I'm not by any stretch knocking that customer, but the folks that we would serve with our DSP would tend to be folks that want to do something on their own, that want to do something innovative that other people haven't thought of or other people aren't promoting to them. And our platform enables them to do a lot of their own programming or if the market opportunity is justified, we're happy to do it for them, but it's an area where we can engage with customers on new developments where the customer doesn't have to measure up to say a $3 [million] to $5 million new custom chip development.
We really prefer to do custom devices when we can find customers that warrant it, but again, a new full IC is probably $3 [million] to $5 million for us to develop and so it's got to be a pretty big opportunity for us to do a new custom device for somebody. But if we can approach it with one of our programmable products where the only customized thing is really code that goes on, that's obviously a lot lower bar to clear, there's a lot more customers.
That gives us a number of opportunities just to remain relevant in the market and keep our finger on the pulse of what's going on. We don't always win, but it gets us in a good opportunity to stay current on what people are working on because it's not always the guy that's shipping all the volume today that's going to win in the long run and we certainly need to be paranoid to make sure that we're assessing the market opportunities that are out there.
Bleeker: And maybe a follow-on here. I know in previous talks we had talked about, you just mentioned that $3 [million] to $5 million cost for a custom IC and you go into some new tablet that seems to have a lot of promise, but then it bombs and only sells a couple hundred thousand units. That's a a both a time and financial loss. So would it be right to read that the DSP getting more into that line has kind of been a response to being able to kind of attack some of those opportunities that we've seen in the mobile world that? I guess what I'm saying is a lot of those products, they haven't been panning out, so it gives you kind of the ability to play more lines without having to make such a large investment. What was the initial thinking in getting into it?
Rhode: Well for one, it was that exactly, that it gives us an opportunity to participate in the market where we're not certain that many of the products that are launched are going to really see a huge amount of market success, but we don't want to write them off. Many of our customers that ultimately haven't been successful in that space had plans that seemed pretty interesting at the time, so we certainly don't want to call the game before it's even played. So that's one element.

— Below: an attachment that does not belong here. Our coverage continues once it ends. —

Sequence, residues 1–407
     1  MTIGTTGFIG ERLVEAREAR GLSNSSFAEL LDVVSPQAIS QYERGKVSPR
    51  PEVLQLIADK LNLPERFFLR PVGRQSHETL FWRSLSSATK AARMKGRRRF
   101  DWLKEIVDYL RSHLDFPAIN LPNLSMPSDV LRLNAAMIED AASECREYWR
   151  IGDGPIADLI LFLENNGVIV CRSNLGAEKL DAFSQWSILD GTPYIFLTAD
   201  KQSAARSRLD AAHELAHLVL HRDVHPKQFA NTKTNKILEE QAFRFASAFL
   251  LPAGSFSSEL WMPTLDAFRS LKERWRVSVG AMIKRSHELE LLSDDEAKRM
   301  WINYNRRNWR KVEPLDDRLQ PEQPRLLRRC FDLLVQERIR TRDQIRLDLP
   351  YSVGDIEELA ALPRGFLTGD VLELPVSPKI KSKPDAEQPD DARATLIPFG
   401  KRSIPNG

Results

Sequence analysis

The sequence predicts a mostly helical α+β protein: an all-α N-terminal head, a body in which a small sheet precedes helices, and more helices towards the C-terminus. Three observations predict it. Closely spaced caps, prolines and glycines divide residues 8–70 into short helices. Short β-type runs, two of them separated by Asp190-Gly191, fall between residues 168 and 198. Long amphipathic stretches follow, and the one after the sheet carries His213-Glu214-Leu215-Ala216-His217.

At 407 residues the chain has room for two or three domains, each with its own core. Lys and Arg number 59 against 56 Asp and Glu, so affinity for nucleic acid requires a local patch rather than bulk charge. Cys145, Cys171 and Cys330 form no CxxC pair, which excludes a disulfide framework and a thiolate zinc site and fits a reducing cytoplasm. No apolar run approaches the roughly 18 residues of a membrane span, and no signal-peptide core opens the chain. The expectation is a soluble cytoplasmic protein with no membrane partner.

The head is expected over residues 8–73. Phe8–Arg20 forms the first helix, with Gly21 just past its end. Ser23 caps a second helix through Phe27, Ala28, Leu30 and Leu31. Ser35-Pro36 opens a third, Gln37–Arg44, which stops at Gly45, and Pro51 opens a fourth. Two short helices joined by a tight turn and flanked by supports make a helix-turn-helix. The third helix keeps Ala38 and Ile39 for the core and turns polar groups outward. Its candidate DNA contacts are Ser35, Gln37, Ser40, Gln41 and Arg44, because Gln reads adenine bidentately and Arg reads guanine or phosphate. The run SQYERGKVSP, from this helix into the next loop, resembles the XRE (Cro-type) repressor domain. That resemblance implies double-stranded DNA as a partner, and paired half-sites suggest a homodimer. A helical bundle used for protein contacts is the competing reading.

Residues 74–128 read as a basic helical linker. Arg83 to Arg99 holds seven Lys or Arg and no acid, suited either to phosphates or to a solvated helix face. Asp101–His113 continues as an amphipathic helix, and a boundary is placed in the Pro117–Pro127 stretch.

And then two, it's just a big part of our portable audio strategy that we should be integrating more and more signal processing functions into our device, some of which are probably best implemented on a programmable DSP, whether or not that's on the same device as one of our [unclear]. So you can kind of think of it as a stepping stone in a broader product line.
That's it for Part 1 of our interview with Jason Rhode. For all your Cirrus Logic coverage, make sure to check back to Fool.com or add Cirrus Logic to our free My Watchlist feature, which collects all your need-to-know Cirrus investing news. Also, if you're looking for more advice on finding the winners of the mobile revolution, make sure to check out our newly re-opened Supernova service.
The article Motley Fool Exclusive: Interview With Cirrus Logic CEO Jason Rhode, Part 1 originally appeared on Fool.com.
Eric Bleeker, CFA owns shares of Cirrus Logic. The Motley Fool owns shares of Apple, Cirrus Logic, Google, and Qualcomm. Motley Fool newsletter services recommend Apple and Google. Try any of our Foolish newsletter services free for 30 days. We Fools may not all hold the same opinions, but we all believe that considering a diverse range of insights makes us better investors. The Motley Fool has a disclosure policy.